Amgen Inc. et al v. Sanofi et al

Filing 226

MEMORANDUM ORDER granting in part and denying in part 187 MOTION to Preclude [Amgen's Daubert Motion to Exclude Expert Testimony and Opinion of Dr. Ashley J. Stevens, granting in part and denying in part 185 MOTION to exclude c ertain expert testimony from plaintiffs on written description and reasonable royalties, granting 191 MOTION to Preclude [Amgen's Daubert Motion to Exclude Testimony on (1) Post-Priority Date Embodiments / Antibodies of the Selected Claims, and (2) Defendants' Expert Opinions as to the Patents' Disclosure of Representative Species]. Signed by Judge Sue L. Robinson on 2/18/2016. (nmfn)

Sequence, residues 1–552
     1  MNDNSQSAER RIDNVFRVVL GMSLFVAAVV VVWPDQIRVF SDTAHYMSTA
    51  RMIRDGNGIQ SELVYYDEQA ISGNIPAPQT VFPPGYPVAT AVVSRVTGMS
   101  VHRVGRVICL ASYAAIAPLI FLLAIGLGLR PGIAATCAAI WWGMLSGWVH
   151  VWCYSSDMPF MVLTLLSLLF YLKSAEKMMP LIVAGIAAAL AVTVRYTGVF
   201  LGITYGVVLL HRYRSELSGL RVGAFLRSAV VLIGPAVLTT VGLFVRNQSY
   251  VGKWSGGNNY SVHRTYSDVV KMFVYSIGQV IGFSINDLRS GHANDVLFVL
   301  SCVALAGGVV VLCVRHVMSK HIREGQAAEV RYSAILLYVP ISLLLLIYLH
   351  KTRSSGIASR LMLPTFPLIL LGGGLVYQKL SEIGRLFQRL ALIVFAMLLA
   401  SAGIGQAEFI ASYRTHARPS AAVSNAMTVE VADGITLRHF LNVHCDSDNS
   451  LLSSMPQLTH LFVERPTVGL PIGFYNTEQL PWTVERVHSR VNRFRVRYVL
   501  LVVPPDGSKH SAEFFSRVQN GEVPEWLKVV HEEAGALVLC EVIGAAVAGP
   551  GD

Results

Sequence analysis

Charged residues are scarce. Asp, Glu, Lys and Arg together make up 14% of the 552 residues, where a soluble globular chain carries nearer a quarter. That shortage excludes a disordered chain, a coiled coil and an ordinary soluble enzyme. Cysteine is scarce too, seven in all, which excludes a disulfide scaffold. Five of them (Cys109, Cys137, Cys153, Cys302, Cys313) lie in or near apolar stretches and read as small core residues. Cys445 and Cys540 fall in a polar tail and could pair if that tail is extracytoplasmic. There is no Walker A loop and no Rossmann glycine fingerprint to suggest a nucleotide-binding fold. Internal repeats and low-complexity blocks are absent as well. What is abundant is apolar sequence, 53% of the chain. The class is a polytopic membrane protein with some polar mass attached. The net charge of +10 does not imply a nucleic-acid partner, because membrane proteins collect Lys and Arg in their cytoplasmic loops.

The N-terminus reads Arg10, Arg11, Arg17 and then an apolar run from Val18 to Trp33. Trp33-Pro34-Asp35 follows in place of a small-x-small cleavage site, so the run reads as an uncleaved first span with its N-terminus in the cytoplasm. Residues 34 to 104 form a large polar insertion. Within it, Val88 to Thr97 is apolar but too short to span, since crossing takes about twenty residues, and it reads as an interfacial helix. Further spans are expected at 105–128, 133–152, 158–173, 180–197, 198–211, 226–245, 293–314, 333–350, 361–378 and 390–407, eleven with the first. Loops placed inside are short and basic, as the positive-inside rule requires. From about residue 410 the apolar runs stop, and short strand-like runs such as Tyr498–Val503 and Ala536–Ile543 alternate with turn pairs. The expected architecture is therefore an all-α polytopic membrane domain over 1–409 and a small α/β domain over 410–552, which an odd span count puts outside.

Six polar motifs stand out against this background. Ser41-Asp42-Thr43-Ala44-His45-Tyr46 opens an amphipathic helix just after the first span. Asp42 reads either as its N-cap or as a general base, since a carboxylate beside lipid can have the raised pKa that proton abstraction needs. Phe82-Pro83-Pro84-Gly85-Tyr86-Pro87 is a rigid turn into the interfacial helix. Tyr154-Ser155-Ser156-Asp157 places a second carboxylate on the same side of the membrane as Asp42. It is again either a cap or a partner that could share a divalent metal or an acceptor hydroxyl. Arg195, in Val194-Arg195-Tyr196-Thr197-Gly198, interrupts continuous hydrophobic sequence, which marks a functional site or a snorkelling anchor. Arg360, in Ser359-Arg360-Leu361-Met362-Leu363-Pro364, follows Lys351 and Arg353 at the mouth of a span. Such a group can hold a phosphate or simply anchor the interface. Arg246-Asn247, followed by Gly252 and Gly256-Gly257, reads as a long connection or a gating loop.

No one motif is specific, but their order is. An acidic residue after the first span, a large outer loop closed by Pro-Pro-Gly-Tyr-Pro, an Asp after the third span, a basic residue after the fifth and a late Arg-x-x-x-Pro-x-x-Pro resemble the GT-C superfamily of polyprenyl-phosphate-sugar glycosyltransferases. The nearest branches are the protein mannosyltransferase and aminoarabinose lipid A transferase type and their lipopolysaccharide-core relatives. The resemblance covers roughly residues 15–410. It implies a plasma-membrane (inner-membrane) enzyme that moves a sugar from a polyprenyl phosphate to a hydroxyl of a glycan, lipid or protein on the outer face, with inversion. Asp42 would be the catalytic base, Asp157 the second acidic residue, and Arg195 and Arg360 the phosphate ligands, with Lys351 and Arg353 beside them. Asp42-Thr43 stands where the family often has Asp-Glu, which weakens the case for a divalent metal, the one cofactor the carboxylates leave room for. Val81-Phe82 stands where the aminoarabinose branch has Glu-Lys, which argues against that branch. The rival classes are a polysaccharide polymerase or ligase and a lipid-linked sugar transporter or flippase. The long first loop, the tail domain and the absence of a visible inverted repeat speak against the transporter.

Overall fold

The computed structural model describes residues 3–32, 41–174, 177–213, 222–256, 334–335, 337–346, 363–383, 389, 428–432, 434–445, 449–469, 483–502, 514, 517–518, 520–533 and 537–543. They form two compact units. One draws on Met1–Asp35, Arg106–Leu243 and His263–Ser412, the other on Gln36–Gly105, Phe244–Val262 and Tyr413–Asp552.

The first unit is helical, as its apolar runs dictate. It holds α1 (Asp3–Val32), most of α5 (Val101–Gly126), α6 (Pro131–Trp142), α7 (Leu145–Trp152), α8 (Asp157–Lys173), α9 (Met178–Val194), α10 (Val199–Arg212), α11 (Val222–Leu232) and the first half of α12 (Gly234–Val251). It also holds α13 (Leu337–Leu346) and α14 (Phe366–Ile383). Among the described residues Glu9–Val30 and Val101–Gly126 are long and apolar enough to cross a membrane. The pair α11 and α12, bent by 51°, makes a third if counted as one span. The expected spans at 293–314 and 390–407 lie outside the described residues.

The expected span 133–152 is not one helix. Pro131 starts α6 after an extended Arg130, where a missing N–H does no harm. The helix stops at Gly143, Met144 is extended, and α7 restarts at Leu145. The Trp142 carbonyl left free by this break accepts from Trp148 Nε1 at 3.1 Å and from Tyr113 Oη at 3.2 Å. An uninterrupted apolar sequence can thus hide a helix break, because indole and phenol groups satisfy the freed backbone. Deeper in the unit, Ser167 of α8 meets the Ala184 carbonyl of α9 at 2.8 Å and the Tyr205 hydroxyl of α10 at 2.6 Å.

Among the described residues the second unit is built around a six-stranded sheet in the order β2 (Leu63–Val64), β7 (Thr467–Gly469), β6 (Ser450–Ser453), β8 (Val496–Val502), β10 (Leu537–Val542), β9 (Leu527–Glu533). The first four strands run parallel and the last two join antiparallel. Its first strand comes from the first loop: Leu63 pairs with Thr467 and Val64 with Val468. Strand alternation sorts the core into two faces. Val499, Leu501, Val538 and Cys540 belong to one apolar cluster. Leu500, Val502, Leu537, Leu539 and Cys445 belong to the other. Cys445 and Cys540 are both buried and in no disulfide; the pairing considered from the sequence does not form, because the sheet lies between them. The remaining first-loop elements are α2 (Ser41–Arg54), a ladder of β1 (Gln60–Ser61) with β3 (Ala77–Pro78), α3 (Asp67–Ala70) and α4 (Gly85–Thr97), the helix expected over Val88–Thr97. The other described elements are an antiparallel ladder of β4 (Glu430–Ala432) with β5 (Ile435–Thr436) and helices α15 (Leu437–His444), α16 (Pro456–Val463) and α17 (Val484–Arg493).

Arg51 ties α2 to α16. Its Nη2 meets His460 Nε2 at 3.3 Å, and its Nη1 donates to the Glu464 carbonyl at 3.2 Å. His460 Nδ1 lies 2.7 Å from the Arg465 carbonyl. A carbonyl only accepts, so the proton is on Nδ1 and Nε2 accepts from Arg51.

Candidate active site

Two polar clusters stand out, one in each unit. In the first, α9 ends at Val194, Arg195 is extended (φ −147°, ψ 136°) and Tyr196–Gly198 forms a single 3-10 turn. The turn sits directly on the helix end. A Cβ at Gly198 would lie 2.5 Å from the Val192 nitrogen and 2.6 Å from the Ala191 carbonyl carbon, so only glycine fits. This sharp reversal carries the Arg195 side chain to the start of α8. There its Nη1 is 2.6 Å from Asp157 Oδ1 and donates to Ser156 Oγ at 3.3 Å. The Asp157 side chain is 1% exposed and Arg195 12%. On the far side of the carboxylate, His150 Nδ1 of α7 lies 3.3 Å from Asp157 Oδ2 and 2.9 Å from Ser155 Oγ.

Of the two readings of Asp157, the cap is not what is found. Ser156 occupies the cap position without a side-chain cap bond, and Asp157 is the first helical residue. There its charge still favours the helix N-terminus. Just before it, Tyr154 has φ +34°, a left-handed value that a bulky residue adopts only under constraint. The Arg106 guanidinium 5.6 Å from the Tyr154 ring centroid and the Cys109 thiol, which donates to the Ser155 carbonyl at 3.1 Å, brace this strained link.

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IN THE UNITED STATES DISTRICT COURT FOR THE DISTRICT OF DELAWARE AMGEN INC., et al., Plaintiffs, v. SANOFI, et al., Defendants. ) ) ) ) ) Civ. No. 14-1317-SLR ) (Consolidated) ) ) ) MEMORANDUM ORDER At Wilmington this 181h day of February, 2016, having reviewed the various papers submitted by the parties in connection with their pretrial evidentiary issues; IT IS ORDERED that: 1. The UTSW PCSK9 handout is excluded as being disclosed untimely. In this regard, it would take further discovery to flesh out whether it is prior art, as the facial indicia of such is not sufficient to pass muster. If not prior art, the handout is cumulative and likely to lead to mischief if admitted to demonstrate the state of the art. 2. Daubert motions: standard of review. A qualified expert may testify in the form of an opinion if (1) the testimony is based on sufficient facts or data, (2) the testimony is the product of reliable principles and methods, and (3) the witness has applied the principles and methods reliably to the facts of the case. 1 Fed. R. Evid. 702. As summarized by the Third Circuit in Elcock v. Kmart Corp., 233 F.3d 734 (3d Cir. 1 0f course, an expert must be qualified as well, an issue not in dispute presently. 2000), "Rule 702 embodies three distinct substantive restrictions on the admission of expert testimony: qualifications, reliability, and fit." Id. at 741. The burden of persuading the judge to allow the expert to testify is on the party tendering the expert, and is by a preponderance of the evidence. In re Paoli R.R. Yard PCB Utig., 35 F.3d 717, 743-45 (3d Cir. 1994). As noted by the Supreme Court, "the trial judge must have considerable leeway in deciding in a particular case how to go about determining whether particular expert testimony is reliable." Kumbo Tire Co. v. Carmichael, 526 U.S. 137, 152 (1999). 3. Cross Daubert motions regarding post-priority date evidence. Both parties have filed Daubert motions to exclude post-priority date evidence. Plaintiffs' motion seeks to exclude expert testimony regarding the structure of post-priority date antibodies that were not disclosed in the selected patents. (D.1.191) Defendants' motion seeks to exclude expert testimony that relies on later-developed evidence to demonstrate the structure of the disclosed antibodies. (D.1.185) Although characterized differently, both motions relate to defendants' written description defense. 4. In this case, the patent claims 2 asserted against defendants are directed to genuses of antibodies. Claim 1 of the '165 patent, for example, recites: 1. An isolated monoclonal antibody, wherein, when bound to PCSK9, the monoclonal antibody binds to at least one of the following residues: S153, 1154, P155, R194, D238,A239, 1369, S372, D374, C375, T377, C378, F379, V380, or S81 of SEQ ID N0:3, and wherein the monoclonal antibody blocks binding of PCSK9 to LDLR. Defendants argue that such claims as that recited above are invalid for lack of written 2 Selected claims of U.S. Patent Nos. 8,829,165 ("the '165 patent"), 8,859,741 ("the '741 patent"), and 8,871,914 ("the '914 patent"). 2 description pursuant to 35 U.S.C. ยง112, ~ 1 because: (1) the claimed antibodies are defined by their function, not by their structure; (2) although the patents identify representative examples of the antibodies encompassed by the asserted claims, the examples are identified only by their amino acid sequences, not by their structure; (3) information about their structure is necessary to determine where these antibodies bind to PCSK9; (4) the only structural information provided by plaintiffs is comprised of postpriority date x-ray crystallography analysis. Plaintiffs respond in kind as follows: (1) the claims "clearly recite several structural features;" (2) the structure of the selected antibodies is an "inherent property" of where they bind to PCSK9; (3) "inherently disclosed properties" are deemed present in the specification. (D.I. 202 at 1, 3) 4. To satisfy the written description requirement, "the applicant must 'convey with reasonable clarity to those skilled in the art that, as of the filing date sought, he or she was in possession of the invention,' and demonstrate that by disclosure in the specification of the patent." Carnegie Mellon Univ. v. Hoffmann-La Roche Inc., 541 F.3d 1115, 1122 (Fed. Cir. 2008) (citation omitted); see also Centocor Ortho Biotech, Inc. v. Abbott Labs., 636 F.3d 1341, 1348 (Fed. Cir. 2011). "[T]he hallmark of written description is disclosure," and "the level of detail required to satisfy the written description requirement varies depending on the nature and scope of the claims and on the complexity and predictability of the relevant technology." Ariad Pharm., Inc. v. Eli Lilly and Co., 598 F.3d 1336, 1351 (Fed. Cir. 2010). A written description of an invention involving a chemical genus "requires a precise definition, such as by structure, formula, [or] chemical name" of the claimed subject matter sufficient to distinguish it 3 from other materials. Regents of Univ. of Cal. v. Eli Lilly & Co., 119 F.3d 1559, 1568 (Fed. Cir. 1997). Support for a genus claim requires either a "representative number of species falling within the scope of the genus or structural features common to the members of the genus so that one of skill in the art can 'visualize or recognize' the members of the genus." Ariad, 598 F.3d at 1350; Regents, 119 F.3d at 1568. "[A]n applicant can claim an antibody to novel protein X without describing the antibody when (1) the applicant fully discloses the novel protein and (2) generating the claimed antibody is so routine that possessing the proten places the applicant in possession of an antibody." Centocor, 636 F.3d at 1351-52. Because "each patented advance has a novel relationship with the state of the art from which it emerges," the written description inquiry "is a question of fact" with the law being "applied to each invention at the time it enters the patent process." Ariad, 598 F.3d at 1351. As explained by the Federal Circuit in Ariad, "requiring a written description of the invention limits patent protection to those who actually perform the difficult work of 'invention' - that is, conceive of the complete and final invention with all its claimed limitations - and disclose the fruits of that effort to the public." Id. at 1353. 5. The case law cited above gives broad leeway to the court in terms of admitting evidence that illuminates the state of the art at the time of filing in order to determine whether there is sufficient disclosure of the claimed invention, in this case, a genus. Given the complexity of the technology at issue and the "considerable leeway" I have as a judge to determine whether an expert's knowledge will help the jury understand the evidence and determine issues of fact, I conclude that the clearest, 4 most consistent result is to grant both motions and preclude the use of any such evidence in connection with the issue of written description. 6. Daubert motions relating to damages. As per the normal course of events, both plaintiffs and defendants accuse the opposing experts of basing their economic analyses on inappropriate data. Both experts agree that there are no comparable bare license agreements. In order to base their respective opinions on some modicum of real-world data, plaintiffs' expert resorted to using distributor fees as relevant comparables and defendants' expert resorted to using collaboration agreements and cross-license agreements as relevant comparables. With the exception of the Dezima acquisition agreement and the Genentech/Regenron settlement agreement, 3 I am satisfied that the experts have adequately explained in their reports the relevance of their respective data vis a vis the various Georgia-Pacific factors. 4 Therefore, defendants' motion as to the reasonable royalty opinions of Dr. Meyer (D. I. 185) is denied, and plaintiffs' motion to exclude the expert testimony of Dr. Stevens (D.I. 187) is granted in part and denied in part. 3 ldentified by Dr. Stevens. I will preclude these business arrangements as being too far afield from a bare patent license to be relevant comparables. 4 lncluding those factors relating to the parties' licensing practices and the fact that plaintiff "does not out-license its patent rights to a competitor where the technology covered by the patent rights is technology that Amgen itself intents to commercialize in the same geographic area and for the same therapeutic use." (D.I. 188, ex. 4, ~ 146) 5